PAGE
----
CRUD operations in RUST

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Hello Readers! In this blog, we will discuss HTTP Methods(CRUD operations). REST APIs(Representational State Transfer Application Programming Interface) enables you to develop all kinds of web applications having all possible CRUD (create, retrieve, update, delete) operations. So let’s have a basic idea of what CRUD stands for and what all HTTP methods are used in correspondence to CRUD operations.

C: It stands for Create, and is responsible for the POST HTTP Method.

R: It stands for Read, and it is responsible for GET HTTP Method.

U: It stands for Update, and it is responsible for PUT and PATCH HTTP Methods.

D: It stands for Delete, and it is responsible for the DELETE HTTP Method.

RUST frameworks for Rest APIs

The language shares many similarities with C and C++, while offering essential syntax modifications of its own. Accordingly, developers praise Rust for its open-source development and performance. This makes it a prime candidate for API creation. Below, we’ll review three superb frameworks for building APIs using Rust.

The 3 basic frameworks for creating REST APIs in RUST are:

  1. Rocket
  2. Actix-web
  3. Tower Web

ROCKET

  • It is a web framework for Rust that makes it simple to write fast, secure web applications.
  • Rocket is built for speed with fast templating and incoming/outgoing data streaming, which is file-size agnostic.
  • The request-response process occurs in only three steps, emphasizing sound validation, customized error reporting, and simple arbitrary-handler functions.
  • JSON support is baked in via Serialize or Deserialize. Using the FromData trait ensures easy value creation by type.
  • It can be tricky keeping all components of Rocket properly updated over time
  • Ongoing changes in Rust nightly can cause unpredictable, breaking changes
  • Rocket has depended on nightly Rust and doesn’t run on stable versions of the Rust compiler. This feature is pending, however – v0.5 is in development, and will add support for Rust stable.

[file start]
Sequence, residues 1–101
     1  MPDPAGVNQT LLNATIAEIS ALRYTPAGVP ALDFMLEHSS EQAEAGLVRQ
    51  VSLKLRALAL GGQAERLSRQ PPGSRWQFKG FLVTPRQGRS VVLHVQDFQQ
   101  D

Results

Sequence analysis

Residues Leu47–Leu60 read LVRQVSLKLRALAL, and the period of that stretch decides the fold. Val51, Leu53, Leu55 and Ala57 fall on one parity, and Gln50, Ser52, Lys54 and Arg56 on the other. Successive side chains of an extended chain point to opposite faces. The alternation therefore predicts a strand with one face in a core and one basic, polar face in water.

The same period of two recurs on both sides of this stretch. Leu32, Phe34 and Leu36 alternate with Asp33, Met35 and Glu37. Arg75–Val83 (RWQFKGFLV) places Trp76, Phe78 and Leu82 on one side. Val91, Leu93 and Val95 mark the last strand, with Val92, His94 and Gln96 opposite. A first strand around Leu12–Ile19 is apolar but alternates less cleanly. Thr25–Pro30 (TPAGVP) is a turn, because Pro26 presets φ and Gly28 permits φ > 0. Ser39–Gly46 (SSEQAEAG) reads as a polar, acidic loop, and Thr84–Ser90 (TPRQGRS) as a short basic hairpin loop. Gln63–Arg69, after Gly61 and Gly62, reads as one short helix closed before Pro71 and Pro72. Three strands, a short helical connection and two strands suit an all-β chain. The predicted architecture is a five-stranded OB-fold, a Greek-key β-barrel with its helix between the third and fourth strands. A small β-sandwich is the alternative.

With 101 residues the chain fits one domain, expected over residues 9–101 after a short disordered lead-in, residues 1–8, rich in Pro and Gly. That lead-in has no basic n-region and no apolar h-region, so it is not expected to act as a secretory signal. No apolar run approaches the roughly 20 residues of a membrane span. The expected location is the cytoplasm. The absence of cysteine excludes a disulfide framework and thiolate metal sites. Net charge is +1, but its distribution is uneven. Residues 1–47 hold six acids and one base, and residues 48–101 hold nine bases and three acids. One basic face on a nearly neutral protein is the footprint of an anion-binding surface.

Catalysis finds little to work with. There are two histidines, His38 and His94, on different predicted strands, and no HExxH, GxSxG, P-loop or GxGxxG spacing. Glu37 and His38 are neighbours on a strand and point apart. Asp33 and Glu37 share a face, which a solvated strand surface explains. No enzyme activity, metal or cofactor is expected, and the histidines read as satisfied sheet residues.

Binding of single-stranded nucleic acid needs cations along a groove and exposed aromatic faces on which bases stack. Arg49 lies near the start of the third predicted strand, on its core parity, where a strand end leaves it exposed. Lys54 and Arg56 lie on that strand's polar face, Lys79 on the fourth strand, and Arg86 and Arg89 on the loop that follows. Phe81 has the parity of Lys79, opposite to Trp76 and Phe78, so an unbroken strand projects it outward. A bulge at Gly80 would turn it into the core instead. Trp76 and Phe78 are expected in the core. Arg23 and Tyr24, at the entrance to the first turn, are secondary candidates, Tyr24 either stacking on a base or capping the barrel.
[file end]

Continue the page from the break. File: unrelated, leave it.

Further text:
Actix-web

  • It is usable and lightweight. Initially released in October of 2017 and maintained by Nikolay Kim, Actix-web supports the Actix actor framework.
  • Supports both HTTP/1.x and HTTP 2.0 protocols
  • It supports data streaming while adding pipelining support, cutting down on response times by packaging requests on a single TCP connection.
  • Actix-web can serve both static and dynamic assets via OpenSSL or rustls
  • Heavy reliance on unsafe code instances to allow for improved performance, though this has been mitigated in recent versions

Tower Web

  • With a focus on simplifying API development via boilerplate removal, Tower Web is a lean-yet-powerful Rust framework.
  • t’s built upon Tower, a complimentary library containing useful network components. Much like Actix-web leans on Actix, Tower Web does the same with Tower. It’s also built upon Tokio and Hyper – a non-blocking I/O platform and HTTP client, respectively.
  • Complete asynchronicity allows multiple processes to run simultaneously, eliminating bottlenecks
  • HTTP is separated from your application’s logic, erasing the need for boilerplate and cutting down on cruft
  • Tower Web is compatible with Rust stable, meaning ongoing changes to nightly won’t break your build
  • Since Tower Web is newer, developers are still waiting for additional components, such as middleware, to be written
  • Documentation could be more comprehensive

Basic Example Of REST API in RUST using Actix-Web

  • We assume that you have installed Rust already. If not, check here.
  • You need to know a little bit about Cargo. We’re going to use cargo because it’s the official dependency management solution for Rust language.

First, you need to create a new Rust pacakge using cargo’s new command

cargo new rest-api

Now if you navigate to rest-api directory you should see this structure.

rest-api
---- src
---- ---- main.rs
---- .gitignore
---- Cargo.lock
---- Cargo.toml

In this step, you have to add dependencies in Cargo.toml.

[dependencies]
dotenv = "0.15.0"
diesel = { version = "1.4.5", features = ["sqlite"] }
actix-web = "3.3.2"
mime = "0.3.0"
serde = { version = "1.0", features = ["derive"] }

Now write the following code

use actix_web::{get, App, HttpResponse, HttpServer};
use mime::APPLICATION_JSON;
use serde::Serialize;

#[derive(Serialize)]
struct User {
    username: String
}

#[get("/users")]
async fn users() -> HttpResponse {
    HttpResponse::Ok()
        .content_type(APPLICATION_JSON.to_string())
        .json(User {username: String::from("Ayushi")})
}

#[actix_web::main]
async fn main() -> std::io::Result<()> {
    HttpServer::new(||
        App::new().service(users)
    )
    .bind("127.0.0.1:8080")?
    .run()
    .await
}

Use cargo run to run the dummy REST API and test it using curl

curl --request GET --url http://127.0.0.1:8080/user

The output will be a json

{"username":"Ayushi"}

So this was a simple example of Rest Api using Actix-Web. Please stay connected for more such blogs.


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Written by 

Ayushi is a Software Developer having more than 1.5 year of experience in RUST. Her practice area is Rust and Go. She loves to solve daily coding challenges.

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